Libertarian candidate Bill Gelineau unveils his "Detroit 84" plan.
One of the candidates running to be Michigan's next governor has proposed splitting Detroit and Wayne County — a sort of "Detrexit," if you will.
Libertarian Bill Gelineau unveiled his plan while meeting with the Young Americans for Liberty student group at MSU on Wednesday. Dubbed "Detroit 84," the proposal would split Wayne County in two. The new county, Michigan's 84th, would be called "Detroit County," and would be made up of Detroit, Hamtramck, Highland Park, Harper Woods, and the Grosse Pointes. Western municipalities like Dearborn, Redford Township, and River Rouge would have the option to stay in Wayne County or to join Detroit County.
"We think over time this will mean less subsidy from the state," he says. "Right now, Wayne county as a whole is a heavily subsidized entity by the state of Michigan."
Going a step further, Gelineau also calls for redrawing the boundaries of Detroit. Under his proposal, neighborhoods within the city would be able to declare city status.
"If you live in Southwest Detroit, you've got to negotiate with downtown," he says, in reference to a comeback that has mostly only benefitted Detroit's urban core. "Resources have been deprived from most of the neighborhoods for a good long time. And I would like to see Southwest Detroit, however that is formed, become its own city."
He points out that long ago, many of Detroit's neighborhoods — like Warrendale, for example — used to be their own municipalities. "Unfortunately, as Detroit was growing they were allowed by the political powers that be to capture that city and gobble it up," he says. "What's happened is Detroit has become an unwieldy monster."
"Would it be better for people living in Warrendale out on the west side ... to have some independence from downtown, and to be able to make more decisions about their own neighborhood?" he says. "I think that's a good thing."
Splitting Detroit up into smaller units, anchored by schools, would make the city more like its suburban neighbors, "where individual high schools become a point of pride and a point of neighborhood," Gelineau says. Even after a 2016 state bailout, the city's public school district — still the state's largest — is beset by myriad problems, where schools compete for per pupil funding against each other as well as charter schools while neighborhood populations dwindle.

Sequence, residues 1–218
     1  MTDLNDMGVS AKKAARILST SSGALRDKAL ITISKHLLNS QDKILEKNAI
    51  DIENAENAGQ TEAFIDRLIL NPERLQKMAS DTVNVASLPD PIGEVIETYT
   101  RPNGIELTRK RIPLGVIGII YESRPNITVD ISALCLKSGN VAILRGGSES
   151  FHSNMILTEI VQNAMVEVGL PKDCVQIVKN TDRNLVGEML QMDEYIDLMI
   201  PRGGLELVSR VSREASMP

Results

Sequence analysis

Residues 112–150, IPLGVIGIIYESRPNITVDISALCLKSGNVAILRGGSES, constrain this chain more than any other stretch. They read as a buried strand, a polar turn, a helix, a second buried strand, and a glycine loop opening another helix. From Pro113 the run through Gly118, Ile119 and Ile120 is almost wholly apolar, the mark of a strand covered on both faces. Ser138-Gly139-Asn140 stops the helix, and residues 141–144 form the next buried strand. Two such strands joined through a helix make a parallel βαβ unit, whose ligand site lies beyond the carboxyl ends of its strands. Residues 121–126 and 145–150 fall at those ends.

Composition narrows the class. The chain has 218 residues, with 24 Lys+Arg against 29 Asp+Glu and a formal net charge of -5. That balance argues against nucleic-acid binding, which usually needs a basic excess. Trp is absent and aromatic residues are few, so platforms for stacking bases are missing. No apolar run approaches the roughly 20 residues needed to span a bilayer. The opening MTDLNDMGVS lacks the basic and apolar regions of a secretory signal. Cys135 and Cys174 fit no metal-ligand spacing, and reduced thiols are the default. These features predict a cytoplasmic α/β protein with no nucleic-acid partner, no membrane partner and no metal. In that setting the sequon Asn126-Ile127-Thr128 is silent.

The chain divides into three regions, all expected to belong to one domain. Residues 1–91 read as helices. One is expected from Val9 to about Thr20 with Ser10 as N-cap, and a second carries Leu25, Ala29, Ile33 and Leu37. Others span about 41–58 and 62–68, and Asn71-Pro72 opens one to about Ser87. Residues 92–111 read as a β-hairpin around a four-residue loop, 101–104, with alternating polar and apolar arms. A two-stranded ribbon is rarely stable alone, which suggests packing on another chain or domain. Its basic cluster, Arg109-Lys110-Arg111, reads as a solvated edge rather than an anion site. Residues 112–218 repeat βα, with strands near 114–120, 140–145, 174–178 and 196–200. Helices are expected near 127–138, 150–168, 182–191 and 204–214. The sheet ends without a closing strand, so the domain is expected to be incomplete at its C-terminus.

Smaller cities would also be able to set their own income taxes, which Gelineau believes would help them retain population. "One of the reasons so many people have moved out of the city, of all persuasions, is money," he says. "It's really expensive to live in the city."
Lastly, the plan would call for what Gelineau calls a "21st century homestead plan" to allow Detroiters to purchase the tens of thousands of untaxed parcels the city acquired through the Detroit Land Bank Authority. Some Detroiters have described a frustrating process
in trying to acquire houses from the land bank.
Gelineau says at this stage that Detroit 84 is more of a big-picture idea. "We're talking about ideas. We're not talking about fully vetted statute," he admits. He says the idea is based on the Libertarian idea of "'devolution,' where 'big' is kind of an enemy by itself."
For decades, Gelineau says, Detroit has become a big bureaucracy while its population has shrunk to 37 percent of its peak. The state has intervened, taking control of the city and its school district under emergency management. But resources aren't being allocated properly, Gelineau says, and Detroit's suburbs have too much influence on its affairs.
"The idea is that the city of Detroit and the county of Wayne have been at odds with each other for over 50 years," Gelineau says. "The more suburban areas — Livonia, Plymouth, the downriver cities — have exerted a certain amount of control over what Detroit does with itself, and vice versa. We think it's time to try and bring democracy closer to the people."
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